Cumin, Camels, and Caravans: A Spice Odyssey

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Univ of California Press, Apr 7, 2014 - Cooking - 332 pages
Gary Paul Nabhan takes the reader on a vivid and far-ranging journey across time and space in this fascinating look at the relationship between the spice trade and culinary imperialism. Drawing on his own family’s history as spice traders, as well as travel narratives, historical accounts, and his expertise as an ethnobotanist, Nabhan describes the critical roles that Semitic peoples and desert floras had in setting the stage for globalized spice trade.

Traveling along four prominent trade routes—the Silk Road, the Frankincense Trail, the Spice Route, and the Camino Real (for chiles and chocolate)—Nabhan follows the caravans of itinerant spice merchants from the frankincense-gathering grounds and ancient harbors of the Arabian Peninsula to the port of Zayton on the China Sea to Santa Fe in the southwest United States. His stories, recipes, and linguistic analyses of cultural diffusion routes reveal the extent to which aromatics such as cumin, cinnamon, saffron, and peppers became adopted worldwide as signature ingredients of diverse cuisines. Cumin, Camels, and Caravans demonstrates that two particular desert cultures often depicted in constant conflict—Arabs and Jews—have spent much of their history collaborating in the spice trade and suggests how a more virtuous multicultural globalized society may be achieved in the future.


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LibraryThing Review

User Review  - quondame - LibraryThing

There is a lot of interesting anecdotes about spices, their history, and uses, but this is not at all a rigorous study, but a very idiosyncratic view which excludes about the same number of facts as it includes and includes complete speculation as fact. Read full review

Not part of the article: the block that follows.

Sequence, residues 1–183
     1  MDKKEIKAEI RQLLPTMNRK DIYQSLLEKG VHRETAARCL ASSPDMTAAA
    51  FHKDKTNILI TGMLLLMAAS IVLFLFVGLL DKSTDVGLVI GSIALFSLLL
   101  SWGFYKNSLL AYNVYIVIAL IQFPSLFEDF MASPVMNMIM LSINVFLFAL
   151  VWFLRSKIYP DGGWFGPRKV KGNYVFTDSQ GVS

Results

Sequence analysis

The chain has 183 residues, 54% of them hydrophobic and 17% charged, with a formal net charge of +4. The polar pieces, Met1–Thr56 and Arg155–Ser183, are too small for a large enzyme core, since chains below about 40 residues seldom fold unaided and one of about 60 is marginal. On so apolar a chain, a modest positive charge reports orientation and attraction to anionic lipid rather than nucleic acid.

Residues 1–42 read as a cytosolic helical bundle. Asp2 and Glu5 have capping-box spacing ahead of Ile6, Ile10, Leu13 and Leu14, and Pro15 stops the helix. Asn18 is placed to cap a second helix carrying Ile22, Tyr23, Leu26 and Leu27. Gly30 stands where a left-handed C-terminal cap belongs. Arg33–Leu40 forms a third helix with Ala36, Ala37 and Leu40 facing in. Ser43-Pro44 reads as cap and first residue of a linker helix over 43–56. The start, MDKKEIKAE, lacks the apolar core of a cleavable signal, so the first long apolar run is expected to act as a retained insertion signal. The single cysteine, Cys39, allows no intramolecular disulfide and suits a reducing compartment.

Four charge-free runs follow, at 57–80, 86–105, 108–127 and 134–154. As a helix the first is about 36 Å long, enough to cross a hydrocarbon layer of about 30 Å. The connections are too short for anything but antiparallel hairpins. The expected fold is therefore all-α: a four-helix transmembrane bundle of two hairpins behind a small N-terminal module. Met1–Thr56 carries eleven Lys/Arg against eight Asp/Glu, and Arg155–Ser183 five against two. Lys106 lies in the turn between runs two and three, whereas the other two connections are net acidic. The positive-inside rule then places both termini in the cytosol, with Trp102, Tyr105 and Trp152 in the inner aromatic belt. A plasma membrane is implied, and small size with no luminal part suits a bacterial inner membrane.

The Origin of Species
1 Aromas Emanating from the Driest of Places
2 Caravans Leaving Arabia Felix
3 Uncovering Hidden Outposts in the Desert
4 Omanis Rocking the Cradle of Civilization
5 Mecca and the Migrations of Muslim and Jewish Traders
6 Merging the Spice Routes with the Silk Roads
7 The Flourishing of CrossCultural Collaboration in Iberia
9 Building Bridges between Continents and Cultures
10 Navigating the Maritime Silk Roads from China to Africa
11 Vasco da Gama Mastering the Game of Globalization
12 Crossing the Drawbridge over the Eastern Ocean
Culinary Imperialism and Its Alternatives

8 The Crumbling of Convivencia and the Rise of Transnational Guilds

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About the author (2014)

Gary Paul Nabhan is an Ecumenical Franciscan Brother, MacArthur "genius" award winner, and ethnobotanist of Arab-American descent. His food and farming books include Food from the Radical Center, Where Our Food Comes From, and the forthcoming Jesus for Farmers and Fishers.

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